A comprehensive list of avalanche-safety rules would take up this entire magazine. Here’s a cursory overview.

DO: Ask questions. Avalanche safety is all about gathering information. What safety gear do I need? How do I use it? Where can I ski that’s safe? How do I test the snowpack?
DON’T: Take every answer at face value. Instead, be investigative. Use reputable sources. Email [email protected] with any questions you have.

DO: Practice. Get to know your safety gear. Get to know the snowpack. Get to know your partners.
DON’T: Get complacent. Many accidents happen when the guard is down. Stay on your toes out there.

DO: Read, or listen to, the avalanche forecast. It’s published every morning in text and audio format. Many folks make a habit of listening to it in the car with their ski partners on the way to the trailhead.
DON’T: Hesitate to change plans. Higher wind gusts than expected last night? Dial it back. Warmer temps than expected today? Make a turnaround time. There’s always another day to ski.

Human Factors
Group dynamics and decision-making are critical components of backcountry skiing. Tomes have been written about human factors in avalanche safety. Start by looking up the F.A.C.E.T.S. acronym, which outlines common traps we fall into:

Familiarity – Feeling more comfortable in a place we’ve already been
Acceptance – Wanting to prove our worth to others
Consistency – Tending to stick with decisions we’ve already made
Expert Halo – Assuming that more experienced opinions are more important
Tracks – Rushing to ski a slope before it gets tracked out
Social Facilitation – Altering our risk tolerance when other people are watching

Knowledge vs. Experience
Reading avalanche reports, watching instructional videos, and taking courses will help you learn about avalanches. But at a certain point, you need to get out in the snow to get experience. This does NOT mean diving head-first into avalanche terrain. To the contrary, you can learn a lot about avalanches from well within the safe zone.

So go outside and bury a beacon. Dig a hole and look for weak layers. Look for signs of wind-loading or propagation. Compare a slope-angle map to your inclinometer. Ski powder, get face shots, and high-five your friends. If you’ve read this far, you’re already on your way to becoming a savvy backcountry skier.

Winter Watch-Outs

By Jack Taylor

A little prep goes a long way.

Winter in Montana is magical. Our landscape takes on a beautiful frozen stillness that beckons us to venture out among frosty firs, blanketed meadows, and frozen waterfalls. Even as temperatures plunge below zero, we catch glimpses of wildlife adapted to survive in the snowglobe. But as humans, we’re not so adept at enduring the cold. We depend on warm clothing, heating, and shelter to make it through. The margin for error in the outdoors is thinner during winter, and a mishap can quickly turn dangerous if you’re not prepared.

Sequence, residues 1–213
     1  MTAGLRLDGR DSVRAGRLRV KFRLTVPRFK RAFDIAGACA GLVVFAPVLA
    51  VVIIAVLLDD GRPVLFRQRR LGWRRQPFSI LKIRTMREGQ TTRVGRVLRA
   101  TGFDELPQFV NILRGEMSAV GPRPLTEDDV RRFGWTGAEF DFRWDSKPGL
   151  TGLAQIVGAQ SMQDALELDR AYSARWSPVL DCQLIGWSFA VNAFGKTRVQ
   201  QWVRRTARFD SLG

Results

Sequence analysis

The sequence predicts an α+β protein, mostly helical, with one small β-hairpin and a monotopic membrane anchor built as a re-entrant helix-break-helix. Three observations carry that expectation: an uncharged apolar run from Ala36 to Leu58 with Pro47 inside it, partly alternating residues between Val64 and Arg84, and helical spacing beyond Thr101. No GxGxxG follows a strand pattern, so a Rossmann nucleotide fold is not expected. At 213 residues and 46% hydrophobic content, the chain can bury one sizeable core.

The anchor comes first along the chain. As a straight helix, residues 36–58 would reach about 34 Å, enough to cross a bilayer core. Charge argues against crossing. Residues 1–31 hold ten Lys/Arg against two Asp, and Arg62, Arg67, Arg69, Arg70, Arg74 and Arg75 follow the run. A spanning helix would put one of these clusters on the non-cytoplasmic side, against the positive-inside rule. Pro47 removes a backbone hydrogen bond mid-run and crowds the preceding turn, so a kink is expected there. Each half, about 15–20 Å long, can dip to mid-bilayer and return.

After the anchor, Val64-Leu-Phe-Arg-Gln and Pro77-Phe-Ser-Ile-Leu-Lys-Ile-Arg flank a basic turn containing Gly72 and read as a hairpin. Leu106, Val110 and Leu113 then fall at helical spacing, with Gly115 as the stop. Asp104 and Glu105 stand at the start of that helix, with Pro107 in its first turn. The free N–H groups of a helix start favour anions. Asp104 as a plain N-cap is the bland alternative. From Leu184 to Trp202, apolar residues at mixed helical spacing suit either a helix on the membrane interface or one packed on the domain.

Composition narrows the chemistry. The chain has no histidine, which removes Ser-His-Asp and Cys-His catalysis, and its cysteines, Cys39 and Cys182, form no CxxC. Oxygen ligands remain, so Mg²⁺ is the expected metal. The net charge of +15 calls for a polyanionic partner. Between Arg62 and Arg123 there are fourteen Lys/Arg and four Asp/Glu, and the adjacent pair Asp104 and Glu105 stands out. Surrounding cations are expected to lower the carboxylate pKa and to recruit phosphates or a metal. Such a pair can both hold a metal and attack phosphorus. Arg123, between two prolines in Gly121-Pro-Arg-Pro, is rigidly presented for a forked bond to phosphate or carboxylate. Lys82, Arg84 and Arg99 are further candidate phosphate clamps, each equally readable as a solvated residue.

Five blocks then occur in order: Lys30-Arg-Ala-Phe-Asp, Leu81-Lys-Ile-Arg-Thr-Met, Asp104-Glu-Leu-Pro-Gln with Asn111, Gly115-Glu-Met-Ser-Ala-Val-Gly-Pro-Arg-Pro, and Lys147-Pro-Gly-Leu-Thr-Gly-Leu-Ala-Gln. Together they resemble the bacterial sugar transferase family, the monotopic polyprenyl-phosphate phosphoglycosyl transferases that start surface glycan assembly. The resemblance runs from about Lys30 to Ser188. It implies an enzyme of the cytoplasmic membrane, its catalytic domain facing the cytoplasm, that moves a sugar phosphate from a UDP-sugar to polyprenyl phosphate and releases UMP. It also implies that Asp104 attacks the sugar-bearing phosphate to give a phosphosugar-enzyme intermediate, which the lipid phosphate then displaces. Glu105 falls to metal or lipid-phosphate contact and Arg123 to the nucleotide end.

Before you take on the snowy roads, make sure your vehicle is capable. Snow tires are highly recommended and will make your life easier—and safer—all winter long. Yes, it’s a big investment, but with two sets of tires for summer and winter, each will last twice as long. If you must go without, a set of chains in your car will get you out of a pickle. Make sure they fit your tires, and practice installing them so that you can do it quickly when the time comes. If you have a front- or four-wheel drive car, put them on the front tires; if rear-wheel, put them on the back. A few more items to keep in your car include a shovel for digging yourself out, jumper cables in case your battery dies, and gloves plus warm jackets (or even a sleeping bag) in case you get stuck for a long time.


Extra warm layers are also essential when venturing away from your vehicle. A good rule of thumb is to bring one layer more than you think you’ll need—better safe than sorry. When planning your layering scheme, start with a moisture-wicking baselayer made of synthetic fibers or wool. Never wear cotton for warmth in winter; if it gets wet, it won’t dry out until you’re back in a warm environment. Fleece makes a great midlayer for top and bottom, and the same rule applies for materials. A waterproof shell usually isn’t necessary given the dryness of our winters, but a windbreaker will add protection without taking up much space in your pack. On top of that, an insulated jacket with synthetic or down fill gives you lots of warmth with little extra weight to carry. Down has a better warmth-to-weight ratio, but like cotton, it will not dry in the cold, so synthetic is always a safer bet.